The Bureau of Economic and Business Research Population Program, under contract with the Florida Legislature, has been making three sets of population projections (low, medium, and high) for Florida and its counties for many years. Many decisions in both the public and private sectors are based on expectations of future population change. Planning for schools, hospitals, shopping centers, housing developments, electric power plants, and many other projects is strongly influenced by expected population growth or decline.
Florida has been one of the most rapidly growing states in the United States for many years, but growth rates have fluctuated considerably from one year to the next. Most of these fluctuations were caused by changes in the number of people moving into and out of the state. In this issue of Florida Focus, we examine annual migration trends in Florida from 1980 to 2008, using data from the U.S. Census Bureau. The data refer solely to people moving from one state to another; they do not include foreign immigrants.
Many researchers have used time series models to construct population forecasts and prediction intervals at the national level, but few have evaluated the accuracy of their forecasts or the out-of-sample validity of their prediction intervals. Fewer still have developed models for subnational areas. In this study, we develop and evaluate six ARIMA time series models for states in the United States.
By most measures, the 2004 hurricane season was the worst in Florida’s history. Four hurricanes blasted through the state between August 13 and September 25, with Charley making landfall on the southwest coast near Punta Gorda, Frances on the southeast coast near Stuart, Ivan in the panhandle near Pensacola, and Jeanne nearly retracing the route followed by Frances. This was the first time in recorded history that four hurricanes had struck Florida in a single year. Most parts of the state were hit by at least one of the hurricanes and some were hit by two or even three.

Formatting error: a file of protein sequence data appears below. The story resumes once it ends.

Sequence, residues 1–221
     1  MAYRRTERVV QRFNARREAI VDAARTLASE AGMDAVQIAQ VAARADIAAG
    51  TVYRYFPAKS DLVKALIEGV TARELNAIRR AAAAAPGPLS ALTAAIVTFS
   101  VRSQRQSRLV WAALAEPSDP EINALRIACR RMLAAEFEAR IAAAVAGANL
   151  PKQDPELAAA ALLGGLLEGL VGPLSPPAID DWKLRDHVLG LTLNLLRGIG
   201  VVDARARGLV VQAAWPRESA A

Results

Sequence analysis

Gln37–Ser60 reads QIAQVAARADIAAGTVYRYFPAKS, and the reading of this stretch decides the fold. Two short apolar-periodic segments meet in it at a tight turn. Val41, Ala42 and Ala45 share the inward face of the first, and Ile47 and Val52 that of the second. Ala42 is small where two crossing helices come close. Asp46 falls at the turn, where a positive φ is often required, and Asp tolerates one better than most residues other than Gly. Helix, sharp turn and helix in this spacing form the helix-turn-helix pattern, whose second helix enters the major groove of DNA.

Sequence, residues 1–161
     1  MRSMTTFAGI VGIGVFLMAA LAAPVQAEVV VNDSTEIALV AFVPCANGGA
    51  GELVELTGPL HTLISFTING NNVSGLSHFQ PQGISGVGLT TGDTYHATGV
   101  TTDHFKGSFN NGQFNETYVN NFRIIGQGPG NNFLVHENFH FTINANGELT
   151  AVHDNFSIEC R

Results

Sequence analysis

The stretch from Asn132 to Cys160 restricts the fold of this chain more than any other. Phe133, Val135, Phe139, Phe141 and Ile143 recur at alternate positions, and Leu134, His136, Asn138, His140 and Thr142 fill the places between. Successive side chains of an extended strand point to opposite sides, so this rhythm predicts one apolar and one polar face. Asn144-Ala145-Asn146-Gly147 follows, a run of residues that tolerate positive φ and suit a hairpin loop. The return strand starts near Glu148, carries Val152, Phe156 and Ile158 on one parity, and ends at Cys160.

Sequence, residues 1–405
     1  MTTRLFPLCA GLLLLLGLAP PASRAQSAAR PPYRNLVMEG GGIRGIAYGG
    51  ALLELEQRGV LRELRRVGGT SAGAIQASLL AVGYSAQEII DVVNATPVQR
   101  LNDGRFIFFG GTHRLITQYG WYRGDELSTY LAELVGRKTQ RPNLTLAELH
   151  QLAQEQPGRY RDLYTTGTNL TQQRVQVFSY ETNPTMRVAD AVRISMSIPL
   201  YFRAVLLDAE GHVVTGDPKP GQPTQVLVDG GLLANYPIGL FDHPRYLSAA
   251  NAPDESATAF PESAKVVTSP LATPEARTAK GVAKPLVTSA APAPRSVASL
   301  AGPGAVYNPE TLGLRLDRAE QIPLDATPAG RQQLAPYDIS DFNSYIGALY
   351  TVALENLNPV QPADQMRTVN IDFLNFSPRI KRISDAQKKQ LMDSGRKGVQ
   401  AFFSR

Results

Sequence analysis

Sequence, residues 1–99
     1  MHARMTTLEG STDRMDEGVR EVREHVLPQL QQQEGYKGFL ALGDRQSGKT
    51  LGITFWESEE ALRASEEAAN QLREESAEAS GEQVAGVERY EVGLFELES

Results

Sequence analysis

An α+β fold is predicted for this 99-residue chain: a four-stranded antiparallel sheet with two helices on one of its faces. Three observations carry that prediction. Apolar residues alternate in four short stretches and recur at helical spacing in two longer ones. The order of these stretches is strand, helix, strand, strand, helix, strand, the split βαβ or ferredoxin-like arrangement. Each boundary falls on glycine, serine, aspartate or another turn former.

Throughout history Florida’s population has continuously repositioned itself. At the time of the first census in 1830, Florida had only 34,730 people, concentrated primarily in the Panhandle region. By 2000, the population had grown to 15,982,824 people, and by 2005, the population estimate was 17,918,227, concentrated in the central and southern peninsula. This study will track the movement of the geographic center of Florida’s population from 1830 to 2005.
There are many "Floridas." There are the farms and small towns of north Florida, with families that have lived there for generations; the booming commercial and industrial areas of central Florida, creating new jobs and attracting young workers and their families from all over the United States; the retirement villages of southwest Florida, bringing thousands of snowbirds and retirees from northern states each year; and the enclaves of foreign-born residents in southeast Florida, bringing cultural diversity and a melting-pot ambiance to the region.
In this study, we describe an approach that can be used to estimate the demographic impact of hurricanes and other natural disasters, provide a detailed assessment of the 2004 hurricane season in Florida, compare the 2004 hurricanes with Hurricanes Andrew (1992) and Katrina (2005), and draw several conclusions regarding the likely impact of hurricanes and other natural disasters on future population growth.